Yes, it’s early.
No, it’s not too early to begin speculating on Cubs manager Joe Maddon’s job status.
This is largely the byproduct of the action – or inaction – of ownership and team president Theo Epstein. After six games and five losses, the club looks just as disjointed, ill-fitting and uninterested as it did in the second half of 2018.
Of course, it could be a slow start. They certainly have enough talent to turn it around. However, certain factors indicate otherwise. This is essentially the same team as 2018. Apart from new hitting and pitching coaches, the Cubs added nothing of note over the winter. Sans a contract extension, they blatantly left Maddon in the wind to twist with the unsaid mandate of, “The vault’s closed. Win with this group or else.”
Whether it was done as a protective device or Maddon was publicly seeking new ways to connect with his team, he claimed that he was reading Managing Millennials for Dummies. Such a move had the potential to annoy his detractors, implying that it wasn’t him who was the problem, but those goddamn kids who pushed too far against the cool older guy in the neighborhood who let them skateboard in his empty pool.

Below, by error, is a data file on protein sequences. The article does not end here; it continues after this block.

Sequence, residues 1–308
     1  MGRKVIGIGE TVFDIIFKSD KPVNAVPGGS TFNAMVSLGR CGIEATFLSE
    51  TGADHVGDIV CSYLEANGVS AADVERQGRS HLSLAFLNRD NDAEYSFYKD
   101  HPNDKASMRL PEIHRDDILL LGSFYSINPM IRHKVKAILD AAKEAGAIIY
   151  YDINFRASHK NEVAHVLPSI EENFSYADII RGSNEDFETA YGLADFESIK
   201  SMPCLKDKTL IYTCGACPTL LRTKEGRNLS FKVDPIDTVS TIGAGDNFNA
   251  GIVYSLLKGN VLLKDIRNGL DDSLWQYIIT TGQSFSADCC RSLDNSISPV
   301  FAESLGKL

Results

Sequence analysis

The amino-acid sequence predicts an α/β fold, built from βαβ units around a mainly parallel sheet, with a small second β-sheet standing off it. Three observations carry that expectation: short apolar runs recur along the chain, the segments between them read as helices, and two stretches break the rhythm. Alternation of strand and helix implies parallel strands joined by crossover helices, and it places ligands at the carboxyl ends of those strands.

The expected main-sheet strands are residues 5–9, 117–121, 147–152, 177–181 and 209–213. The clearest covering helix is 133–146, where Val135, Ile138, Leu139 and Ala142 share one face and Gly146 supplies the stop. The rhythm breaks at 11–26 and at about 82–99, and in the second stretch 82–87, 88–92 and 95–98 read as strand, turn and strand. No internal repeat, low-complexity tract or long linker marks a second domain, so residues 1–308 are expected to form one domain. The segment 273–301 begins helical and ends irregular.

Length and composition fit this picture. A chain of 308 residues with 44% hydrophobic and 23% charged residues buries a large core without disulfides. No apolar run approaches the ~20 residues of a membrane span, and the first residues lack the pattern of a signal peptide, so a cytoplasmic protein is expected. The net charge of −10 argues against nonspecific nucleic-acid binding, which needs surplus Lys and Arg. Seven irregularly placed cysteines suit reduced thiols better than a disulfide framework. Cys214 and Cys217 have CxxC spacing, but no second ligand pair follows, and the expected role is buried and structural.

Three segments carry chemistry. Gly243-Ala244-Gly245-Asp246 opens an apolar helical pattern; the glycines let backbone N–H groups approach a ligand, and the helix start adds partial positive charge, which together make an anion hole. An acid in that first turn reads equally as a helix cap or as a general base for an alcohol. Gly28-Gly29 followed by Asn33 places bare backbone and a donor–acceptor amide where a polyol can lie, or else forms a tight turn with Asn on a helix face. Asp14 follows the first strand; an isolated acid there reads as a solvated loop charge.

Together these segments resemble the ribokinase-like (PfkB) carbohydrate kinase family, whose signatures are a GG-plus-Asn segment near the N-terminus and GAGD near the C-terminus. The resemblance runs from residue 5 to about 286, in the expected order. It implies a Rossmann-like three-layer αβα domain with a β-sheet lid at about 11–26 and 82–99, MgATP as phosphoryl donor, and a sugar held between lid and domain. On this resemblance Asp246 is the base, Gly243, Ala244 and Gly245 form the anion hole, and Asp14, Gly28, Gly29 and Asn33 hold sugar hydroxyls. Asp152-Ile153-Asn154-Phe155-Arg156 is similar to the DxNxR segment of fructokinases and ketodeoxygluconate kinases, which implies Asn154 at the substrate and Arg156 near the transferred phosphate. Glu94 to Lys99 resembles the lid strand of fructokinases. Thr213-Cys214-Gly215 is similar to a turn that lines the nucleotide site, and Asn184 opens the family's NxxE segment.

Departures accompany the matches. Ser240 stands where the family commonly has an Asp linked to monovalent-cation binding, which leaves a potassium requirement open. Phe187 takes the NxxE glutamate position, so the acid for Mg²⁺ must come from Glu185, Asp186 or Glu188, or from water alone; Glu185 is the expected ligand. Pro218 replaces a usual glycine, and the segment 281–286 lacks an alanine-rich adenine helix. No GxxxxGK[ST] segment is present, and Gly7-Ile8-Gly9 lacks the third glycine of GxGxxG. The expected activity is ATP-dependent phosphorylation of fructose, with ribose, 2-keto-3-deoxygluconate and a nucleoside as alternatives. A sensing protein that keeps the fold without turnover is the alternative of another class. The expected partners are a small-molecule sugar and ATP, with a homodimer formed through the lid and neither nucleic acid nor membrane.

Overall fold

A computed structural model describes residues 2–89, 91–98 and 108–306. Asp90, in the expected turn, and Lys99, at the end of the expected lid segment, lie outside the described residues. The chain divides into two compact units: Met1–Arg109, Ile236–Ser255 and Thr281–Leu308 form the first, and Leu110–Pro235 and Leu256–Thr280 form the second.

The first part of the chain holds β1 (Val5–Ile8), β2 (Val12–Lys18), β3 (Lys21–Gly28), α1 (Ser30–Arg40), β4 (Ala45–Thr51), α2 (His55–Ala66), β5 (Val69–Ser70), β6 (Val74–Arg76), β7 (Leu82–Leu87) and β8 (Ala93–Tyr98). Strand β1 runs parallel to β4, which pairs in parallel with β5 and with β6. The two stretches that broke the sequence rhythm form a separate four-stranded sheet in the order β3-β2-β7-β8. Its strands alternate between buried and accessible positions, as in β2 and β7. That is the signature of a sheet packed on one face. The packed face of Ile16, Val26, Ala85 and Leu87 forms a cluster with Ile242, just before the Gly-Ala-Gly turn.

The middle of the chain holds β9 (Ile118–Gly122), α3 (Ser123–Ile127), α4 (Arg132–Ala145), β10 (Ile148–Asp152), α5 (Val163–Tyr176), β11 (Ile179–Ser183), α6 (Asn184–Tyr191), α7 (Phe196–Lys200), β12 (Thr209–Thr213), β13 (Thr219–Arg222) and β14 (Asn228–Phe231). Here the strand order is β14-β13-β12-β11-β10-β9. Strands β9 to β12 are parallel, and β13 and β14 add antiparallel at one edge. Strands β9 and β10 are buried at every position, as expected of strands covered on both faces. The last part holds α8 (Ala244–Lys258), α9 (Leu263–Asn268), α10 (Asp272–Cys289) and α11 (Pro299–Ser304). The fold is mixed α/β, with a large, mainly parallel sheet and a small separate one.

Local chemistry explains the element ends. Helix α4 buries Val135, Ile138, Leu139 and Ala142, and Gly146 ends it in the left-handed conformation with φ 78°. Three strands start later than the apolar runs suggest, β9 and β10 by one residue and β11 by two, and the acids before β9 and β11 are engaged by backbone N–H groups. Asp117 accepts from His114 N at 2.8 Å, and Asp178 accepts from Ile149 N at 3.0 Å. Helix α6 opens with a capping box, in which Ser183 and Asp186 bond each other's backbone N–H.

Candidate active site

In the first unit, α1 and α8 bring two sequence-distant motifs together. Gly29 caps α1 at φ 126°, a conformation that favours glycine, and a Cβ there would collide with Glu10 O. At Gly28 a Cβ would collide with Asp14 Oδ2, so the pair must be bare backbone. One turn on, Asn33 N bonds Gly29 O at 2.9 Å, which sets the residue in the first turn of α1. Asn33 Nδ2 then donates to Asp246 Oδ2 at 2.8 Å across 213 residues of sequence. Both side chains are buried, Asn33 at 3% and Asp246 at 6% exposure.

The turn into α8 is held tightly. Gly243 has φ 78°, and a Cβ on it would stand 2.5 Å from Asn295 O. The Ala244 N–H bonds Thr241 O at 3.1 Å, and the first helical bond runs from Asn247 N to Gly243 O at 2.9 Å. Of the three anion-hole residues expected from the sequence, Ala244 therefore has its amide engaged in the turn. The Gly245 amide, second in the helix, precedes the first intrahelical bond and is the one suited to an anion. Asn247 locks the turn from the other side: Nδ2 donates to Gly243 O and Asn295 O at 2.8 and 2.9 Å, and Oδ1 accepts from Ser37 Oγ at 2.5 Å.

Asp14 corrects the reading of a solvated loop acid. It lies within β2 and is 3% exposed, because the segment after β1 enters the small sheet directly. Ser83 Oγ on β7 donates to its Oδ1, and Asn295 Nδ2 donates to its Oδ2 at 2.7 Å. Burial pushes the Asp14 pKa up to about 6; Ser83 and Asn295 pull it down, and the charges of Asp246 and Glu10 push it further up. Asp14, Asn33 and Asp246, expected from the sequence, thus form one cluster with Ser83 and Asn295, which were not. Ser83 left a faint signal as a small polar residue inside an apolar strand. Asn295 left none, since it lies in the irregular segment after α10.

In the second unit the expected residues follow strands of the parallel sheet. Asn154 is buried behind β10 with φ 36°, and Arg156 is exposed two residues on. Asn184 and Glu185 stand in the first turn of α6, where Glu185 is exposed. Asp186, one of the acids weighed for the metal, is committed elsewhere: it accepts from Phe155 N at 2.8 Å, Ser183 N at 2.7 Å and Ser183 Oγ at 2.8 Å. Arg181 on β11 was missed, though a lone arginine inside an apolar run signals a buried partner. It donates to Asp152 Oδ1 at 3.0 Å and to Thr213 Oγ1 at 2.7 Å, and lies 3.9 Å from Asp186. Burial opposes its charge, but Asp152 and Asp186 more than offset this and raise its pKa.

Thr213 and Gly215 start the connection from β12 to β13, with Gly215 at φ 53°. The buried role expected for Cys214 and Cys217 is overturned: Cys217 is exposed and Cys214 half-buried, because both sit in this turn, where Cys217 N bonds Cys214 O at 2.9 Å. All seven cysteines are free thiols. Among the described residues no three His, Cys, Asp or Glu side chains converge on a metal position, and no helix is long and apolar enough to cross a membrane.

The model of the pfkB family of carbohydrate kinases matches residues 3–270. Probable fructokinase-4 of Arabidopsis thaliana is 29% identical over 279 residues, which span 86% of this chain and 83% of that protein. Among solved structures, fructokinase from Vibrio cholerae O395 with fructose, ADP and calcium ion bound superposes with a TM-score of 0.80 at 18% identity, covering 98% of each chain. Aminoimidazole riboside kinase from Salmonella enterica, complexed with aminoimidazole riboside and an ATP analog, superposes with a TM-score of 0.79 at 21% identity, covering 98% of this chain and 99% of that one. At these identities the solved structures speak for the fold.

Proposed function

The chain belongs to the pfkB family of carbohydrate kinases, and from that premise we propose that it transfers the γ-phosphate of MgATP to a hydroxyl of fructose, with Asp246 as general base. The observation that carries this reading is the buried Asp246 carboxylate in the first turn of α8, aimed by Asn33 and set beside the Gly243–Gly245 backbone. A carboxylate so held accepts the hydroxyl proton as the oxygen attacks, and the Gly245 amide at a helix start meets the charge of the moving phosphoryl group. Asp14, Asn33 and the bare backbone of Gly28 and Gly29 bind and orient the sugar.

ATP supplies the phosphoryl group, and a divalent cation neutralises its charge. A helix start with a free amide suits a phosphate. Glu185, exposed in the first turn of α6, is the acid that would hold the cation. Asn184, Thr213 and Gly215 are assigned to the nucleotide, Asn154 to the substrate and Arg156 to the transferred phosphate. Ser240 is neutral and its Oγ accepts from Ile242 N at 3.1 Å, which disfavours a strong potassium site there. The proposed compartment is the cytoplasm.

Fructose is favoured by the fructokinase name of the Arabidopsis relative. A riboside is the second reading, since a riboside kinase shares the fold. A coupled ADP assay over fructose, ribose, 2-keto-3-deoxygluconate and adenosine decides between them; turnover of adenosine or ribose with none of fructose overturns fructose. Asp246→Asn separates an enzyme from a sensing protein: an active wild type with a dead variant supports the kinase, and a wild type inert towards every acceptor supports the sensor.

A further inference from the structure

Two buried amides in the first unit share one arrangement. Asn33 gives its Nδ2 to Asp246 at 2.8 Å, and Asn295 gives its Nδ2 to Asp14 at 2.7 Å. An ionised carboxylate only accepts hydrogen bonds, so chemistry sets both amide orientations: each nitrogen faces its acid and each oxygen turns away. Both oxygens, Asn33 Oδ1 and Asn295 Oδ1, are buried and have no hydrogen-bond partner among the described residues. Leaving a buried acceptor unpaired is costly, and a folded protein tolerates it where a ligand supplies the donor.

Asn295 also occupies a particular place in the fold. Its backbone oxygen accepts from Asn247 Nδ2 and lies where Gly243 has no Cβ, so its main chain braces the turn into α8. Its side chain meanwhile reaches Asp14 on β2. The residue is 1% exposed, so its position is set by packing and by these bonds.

Viable defenses aside, the players are acting as if they’ve had their fill of him. There’s little doubt the front office would like to move on. The “one last go-round” is more of a last gasp than an actual strategy. It rarely works. Epstein has openly said he’s going to clean house if this team underperforms. That will start with the manager and it may be sooner than people think.